This story was written by Victoria Owens and Cinthya Rubio

The Idaho Falls temple will have its open house on Saturday, April 22 through Saturday, May 20.

This was the eighth operating temple constructed for The Church of Jesus Christ of Latter-day Saints and it was the first temple built in Idaho, the Idaho Falls temple was dedicated on Sept. 23, 1945

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There will be a cultural celebration featuring music and dances on Saturday, June 3 and the temple will be formally rededicated on Sunday, June 4 in three sessions.

Many are expected to attend the open houses as 160,000 tickets have been already reserved and 60,000 more tickets have been recently released.

The attachment of the angel Moroni was the last major improvement added to the Idaho Falls temple in 1983.

The temple closed in March 2015 for renovations.

Idaho currently has three other operating temples in Twin Falls, Rexburg and Boise. The Meridian temple is currently under construction and during the April general conference, President Thomas S. Monson announced there would be a temple built in Pocatello.

Doyle Batt, local chairman for the open house, cultural celebration and rededication said preparations have been made for the open house and rededication since August of last year.

“I received a call from the First Presidency in August of last year and our first meetings were in September and October and we had all of our 14 sub-committees,” Batt said. “We started from the very basic, how many people are we going to estimate will be here, how are we going to get in and out, can we park them in the parking lots, do we need buses, what kind of food are we going to feed. There is a lot of planning and a lot of detail, all the way down to the menu that has to be approved. The cultural celebration script has to be approved. We have a music chairman that has been selected from all 46 stakes that are a part of the temple district, three choirs of 20 voices singing at the dedication services.”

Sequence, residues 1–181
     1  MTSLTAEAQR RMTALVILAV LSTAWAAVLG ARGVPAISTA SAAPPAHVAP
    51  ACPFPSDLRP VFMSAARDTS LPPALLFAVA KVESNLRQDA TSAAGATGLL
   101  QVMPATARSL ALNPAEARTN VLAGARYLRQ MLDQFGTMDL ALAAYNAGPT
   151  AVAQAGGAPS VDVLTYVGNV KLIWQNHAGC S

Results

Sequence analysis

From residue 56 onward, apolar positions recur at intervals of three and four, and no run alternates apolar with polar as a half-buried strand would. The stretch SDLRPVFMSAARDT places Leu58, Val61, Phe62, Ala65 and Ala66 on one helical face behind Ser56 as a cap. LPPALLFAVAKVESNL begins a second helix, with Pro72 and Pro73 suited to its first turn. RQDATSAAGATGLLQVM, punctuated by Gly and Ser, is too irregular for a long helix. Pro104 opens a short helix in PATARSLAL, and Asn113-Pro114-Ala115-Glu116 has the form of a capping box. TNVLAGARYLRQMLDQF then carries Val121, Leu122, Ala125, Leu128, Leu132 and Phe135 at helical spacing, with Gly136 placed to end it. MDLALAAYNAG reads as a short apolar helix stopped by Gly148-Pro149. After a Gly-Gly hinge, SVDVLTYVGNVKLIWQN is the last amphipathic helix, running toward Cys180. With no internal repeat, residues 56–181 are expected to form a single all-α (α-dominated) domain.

Elder Larry W. Wilson, the Executive Director of the Temple Department said they have tried to make temples as sacred as they possibly can.

“Temples are very sacred places and we are trying to make them as peaceful, as beautiful, as spiritually powerful as they can be,” Wilson said. “Things that have been done to the Idaho Falls temple have added a lot to it in that way. It’s more beautiful than ever. The murals are just as beautiful as perhaps the day the temple opened and there are a lot of other wonderful things that have been added to this temple, which I think enhance the worship experience.”

Wilson said the Idaho Falls temple is unique because it has between seven to eight murals while most temples do not have any or only have one or two.

Wilson said temple dedications are among some of the most spiritual moments that are held for members of The Church.

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“I think every one of them (temple dedications) in my experience is in some way kind of Pentecostal experience, where the Lord’s spirit is poured out in such a way that it is just extremely powerful to be able to share in it, whether in a meetinghouse or the temple itself, I think you could have the same kind of experience,” Wilson said.

Batt said students should understand why open houses are needed.

“I think they (students) need to get their mindset on why we need to have an open house,” Batt said. “This is a gift to the community. This building has not been open to the public in 72 years. Now is the time that we give back to the community and let them see the beautiful artwork and feel that great feeling that comes when you go into the House of the Lord.”

The Idaho Falls temple will serve church members from 45 stakes in southeastern and central Idaho.

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